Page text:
When you have been in the forecasting business as long as I have, you see many extreme weather events. Most of them are watched from a distance, but I have experienced three blizzards and many severe storm and tornado events. However, last April was the most intense situation I have ever been personally involved with.
When I was a young pup of a meteorologist fresh out of the university back in 1974, I worked at a private weather service in Chicago. On April 3, 1974, my boss, who had over 30 years of experience, said it was going to be a bad day.
That was an understatement.
One hundred and forty-eight tornadoes touched down in a little over 24 hours, and 330 people were killed. The worst damage around here was in Resaca, Georgia. A trailer park was hit and nine people were killed.
Back then, we did not have the technology to give our viewers a decent warning. If you received a five minute heads up, that was considered good! I never thought I would see another day like that. But I was wrong.
On Monday, April 25, when I came into the station and started looking at the weather charts and computer models, I had deja vu of 1974.
By Tuesday, I had no doubt in my mind that we were in for a very severe event that could be historic. As Wednesday approached, it looked worse with every new model run.
On Wednesday morning, to be honest, I did not expect the morning outbreak of tornadoes. I was mainly worried about the afternoon and evening. To have a number of tornadoes in this area during the morning is extremely rare.
David Karnes and Nick Austin covered the outbreak in the morning flawlessly. When I came into work around 10:15 a.m., I still had no idea that a tornado had struck just a mile from my house.
When I looked at the VIPIR, I saw that the storms that had struck here were already passed Knoxville and were approaching Bristol, Tennessee. All the storms moving that day were clipping along at around 60 mph from the southwest to the northeast – that is a mile a minute! Then I looked west and saw the lines of storms through Mississippi and Alabama forming. That was the armada that I had been dreading.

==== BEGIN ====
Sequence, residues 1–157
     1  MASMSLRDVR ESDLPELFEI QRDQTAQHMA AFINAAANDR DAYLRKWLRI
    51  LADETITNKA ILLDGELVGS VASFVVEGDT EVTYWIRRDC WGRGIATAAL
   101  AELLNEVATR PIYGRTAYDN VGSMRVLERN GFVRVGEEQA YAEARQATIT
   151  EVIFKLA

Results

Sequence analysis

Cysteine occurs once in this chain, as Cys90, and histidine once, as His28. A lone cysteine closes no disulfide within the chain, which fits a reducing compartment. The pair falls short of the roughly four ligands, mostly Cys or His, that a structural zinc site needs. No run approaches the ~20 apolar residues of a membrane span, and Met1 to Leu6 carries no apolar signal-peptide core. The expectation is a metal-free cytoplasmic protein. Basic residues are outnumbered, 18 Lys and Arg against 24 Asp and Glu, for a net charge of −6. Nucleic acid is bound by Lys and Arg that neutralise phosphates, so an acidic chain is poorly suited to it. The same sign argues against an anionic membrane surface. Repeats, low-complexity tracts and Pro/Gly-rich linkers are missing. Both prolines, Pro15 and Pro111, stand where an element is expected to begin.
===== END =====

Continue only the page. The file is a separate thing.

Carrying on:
I went to the green wall for storm coverage, Nick manned the radar and David watched the feed from the National Weather Service while updating our website and Facebook and Twitter accounts. I had no idea that we would be on pretty much non-stop for about 12 hours. Before this storm, it had never been necessary for me to go on for more than an hour and a half.
Wave after wave of storms moved through the area throughout the afternoon and evening. In this type of situation, you have to be focused on the next storm. I really did not have time to talk about any one storm after it had dissipated or left the area because there was always another one on its way.
About an hour or so after the Ringgold/Apison/South Bradley County tornado, we received a phone video of the actual tornado. I was shocked at the size of this monster. It was on par with an Oklahoma tornado! I got a bit choked up, because I knew people were hurt badly and many had probably been killed by a storm of this size. But there were more storms on the way.
The radar depictions of the tornadoes were textbook. Almost each one had a distinct hook-shape echo. This indicates the rain winding around the funnel cloud. With the Doppler radar and our VIPIR, we can show the wind speed of the funnel, and it was well over 100 mph in many cases. This is very rare for our area.
I felt like I was a radar observer watching waves of bombers flying over, and I was powerless to stop it. But there was something I could do. I have given many talks about tornado safety, and on that day, the speeches I've made at schools and service clubs were repeated over and over again. I mentioned to our audience when things were starting to wind down, that in the morning they were going to see damage more extensive than they have never seen around here. Unfortunately I was correct.
A few days later I received a phone call from a viewer in Apison thanking me for saving his family. I told him that I did not save his family. He did. He had a plan before the tornado ever approached. That plan was for moving his family into the center of their house and into a closet that had a very heavy gun safe. The key to safety above ground is go put as many walls between you and the tornado. The smaller the room the stronger the room! If he did not have a plan it would it would not have made any difference what warnings I was able to provide. And that is the most important thing to take away from this tragic event: Everyone needs to have a plan.
This type of situation will probably not occur again. But that's what I thought in 1974!